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The BeiDou programme was launched in the 1990s amid concerns that China’s military would be vulnerable without a home-grown satellite navigation system. Photo: AP

China and Russia to boost satellite navigation systems with new ground stations

  • BeiDou to install stations in three Russian cities while GLONASS will build sites in Urumqi, Shanghai and Changchun
  • The agreement aims to improve accuracy and reliability of the systems, which compete with US-owned GPS
China and Russia have agreed to build satellite ground stations on each other’s soil to improve how their global navigation systems work together, according to Russian space agency Roscosmos.
The agreement aimed to make Russia’s GLONASS and China’s BeiDou systems more reliable and accurate, the Russian agency said in a statement on Tuesday.
Under contracts China and Russia signed at a regular meeting on satellite navigation, GLONASS stations will be installed in three Chinese cities: Changchun in the northeast, Urumqi in the northwest and Shanghai in the east.

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BeiDou stations will be built in Obninsk in western Russia, Irkutsk in eastern Siberia and Petropavlovsk-Kamchatsky in the Russian Far East.

“The simultaneous use of Russian and Chinese systems – GLONASS and BeiDou – will improve the accuracy and reliability of navigation,” Roscosmos chief Yury Borisov said.

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“This is why we are sincerely interested in expanding cooperation on the use of GLONASS and BeiDou systems, as well as navigation technologies based on them.”

The statement on the meeting released by BeiDou’s operators did not mention the details of the agreement.

China launched its BeiDou programme in the 1990s amid concerns that its People’s Liberation Army would be vulnerable without a satellite navigation alternative to the Global Positioning System (GPS), which is owned by the US government and operated by the US Air Force and Space Force.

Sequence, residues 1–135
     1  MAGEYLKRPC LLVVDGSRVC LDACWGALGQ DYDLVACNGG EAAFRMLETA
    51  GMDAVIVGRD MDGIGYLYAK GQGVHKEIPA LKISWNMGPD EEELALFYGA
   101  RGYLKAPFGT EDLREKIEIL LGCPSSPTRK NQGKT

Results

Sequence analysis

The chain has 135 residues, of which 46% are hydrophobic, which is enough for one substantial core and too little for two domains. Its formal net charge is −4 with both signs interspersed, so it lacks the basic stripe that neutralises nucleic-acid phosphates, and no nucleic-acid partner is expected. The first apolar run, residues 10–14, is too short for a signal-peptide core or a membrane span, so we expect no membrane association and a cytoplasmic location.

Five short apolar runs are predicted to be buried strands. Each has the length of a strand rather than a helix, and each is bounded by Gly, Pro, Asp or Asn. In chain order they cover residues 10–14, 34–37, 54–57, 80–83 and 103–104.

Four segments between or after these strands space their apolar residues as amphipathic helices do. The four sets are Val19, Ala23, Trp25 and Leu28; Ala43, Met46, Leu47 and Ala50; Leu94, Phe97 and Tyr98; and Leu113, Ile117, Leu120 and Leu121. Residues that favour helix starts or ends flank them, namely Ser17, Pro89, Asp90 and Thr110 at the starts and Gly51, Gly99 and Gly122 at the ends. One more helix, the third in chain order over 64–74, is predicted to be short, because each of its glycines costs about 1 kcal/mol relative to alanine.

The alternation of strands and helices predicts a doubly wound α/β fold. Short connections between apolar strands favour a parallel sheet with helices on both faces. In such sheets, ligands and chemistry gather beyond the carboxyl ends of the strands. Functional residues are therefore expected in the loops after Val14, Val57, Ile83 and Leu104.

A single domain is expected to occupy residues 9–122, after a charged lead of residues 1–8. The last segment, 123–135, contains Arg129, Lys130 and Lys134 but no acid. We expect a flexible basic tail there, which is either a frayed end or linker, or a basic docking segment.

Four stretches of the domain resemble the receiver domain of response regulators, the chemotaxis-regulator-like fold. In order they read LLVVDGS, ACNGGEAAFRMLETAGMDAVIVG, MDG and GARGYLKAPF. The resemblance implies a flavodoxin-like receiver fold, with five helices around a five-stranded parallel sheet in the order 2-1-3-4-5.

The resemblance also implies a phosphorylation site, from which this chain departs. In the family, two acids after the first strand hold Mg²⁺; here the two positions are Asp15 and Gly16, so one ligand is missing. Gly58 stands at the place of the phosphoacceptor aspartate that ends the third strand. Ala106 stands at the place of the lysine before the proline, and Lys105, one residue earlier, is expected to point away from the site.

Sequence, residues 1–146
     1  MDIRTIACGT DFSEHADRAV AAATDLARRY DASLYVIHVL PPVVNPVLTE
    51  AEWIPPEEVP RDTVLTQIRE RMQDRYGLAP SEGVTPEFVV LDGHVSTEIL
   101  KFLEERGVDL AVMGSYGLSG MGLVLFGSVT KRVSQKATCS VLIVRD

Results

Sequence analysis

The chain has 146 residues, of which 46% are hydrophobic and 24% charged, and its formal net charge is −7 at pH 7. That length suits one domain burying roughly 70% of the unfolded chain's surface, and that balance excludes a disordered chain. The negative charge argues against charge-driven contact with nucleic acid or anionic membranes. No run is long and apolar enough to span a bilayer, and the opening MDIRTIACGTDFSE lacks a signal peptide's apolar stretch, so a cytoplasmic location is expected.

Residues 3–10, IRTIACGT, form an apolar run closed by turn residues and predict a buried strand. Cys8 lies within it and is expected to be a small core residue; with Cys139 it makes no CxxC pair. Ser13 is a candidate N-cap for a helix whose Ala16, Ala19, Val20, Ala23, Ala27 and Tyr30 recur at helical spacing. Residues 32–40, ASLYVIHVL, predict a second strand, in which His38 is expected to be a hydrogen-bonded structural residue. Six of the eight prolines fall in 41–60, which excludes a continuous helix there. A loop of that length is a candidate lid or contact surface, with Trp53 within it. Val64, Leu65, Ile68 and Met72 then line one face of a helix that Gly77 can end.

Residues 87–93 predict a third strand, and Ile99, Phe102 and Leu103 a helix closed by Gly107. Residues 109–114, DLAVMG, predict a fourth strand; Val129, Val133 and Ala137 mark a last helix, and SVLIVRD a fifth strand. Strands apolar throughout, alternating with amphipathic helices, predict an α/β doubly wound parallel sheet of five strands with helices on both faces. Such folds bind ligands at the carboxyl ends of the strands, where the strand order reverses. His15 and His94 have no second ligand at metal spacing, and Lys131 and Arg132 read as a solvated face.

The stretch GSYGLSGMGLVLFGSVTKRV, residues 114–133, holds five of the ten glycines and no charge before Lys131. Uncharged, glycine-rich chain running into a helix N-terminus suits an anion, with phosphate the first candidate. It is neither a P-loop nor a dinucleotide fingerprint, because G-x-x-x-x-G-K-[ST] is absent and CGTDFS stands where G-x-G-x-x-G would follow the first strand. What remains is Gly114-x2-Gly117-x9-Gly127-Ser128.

The Chinese military uses the BeiDou system for guided weapons, eliminating concerns that an adversary could deny access to other navigational networks such as GPS.
Beijing has sought to use its Belt and Road Initiative, an ambitious plan to grow global trade, to expand BeiDou’s reach through products with chips that support the navigation system.


China launches last piece of BeiDou Navigation Satellite system into orbit

China launches last piece of BeiDou Navigation Satellite system into orbit

The Russian and Chinese systems arrived on the scene later than GPS. BeiDou only attained global coverage in 2020, when the final satellite of the project’s third phase went into orbit.

Tuesday’s meeting was not the first time the operators of GLONASS and BeiDou signed agreements to boost the systems’ capabilities and harmonise technical standards.

Moscow and Beijing have pledged to cooperate on the compatibility and interoperability of BeiDou and GLONASS, and experts said the new agreement was part of these efforts.

In February, they signed a deal to ensure the systems complement each other in how they measure time, allowing users to tell time precisely without an atomic clock.

In 2018, Moscow and Beijing pledged to cooperate on the development of BeiDou and GLONASS for peaceful purposes. Roscosmos has installed monitoring stations in Brazil, South Africa, Nicaragua and Antarctica to improve coverage in the southern hemisphere.

BeiDou and GLONASS also work in tandem to improve coverage and accuracy when used in Russia and China.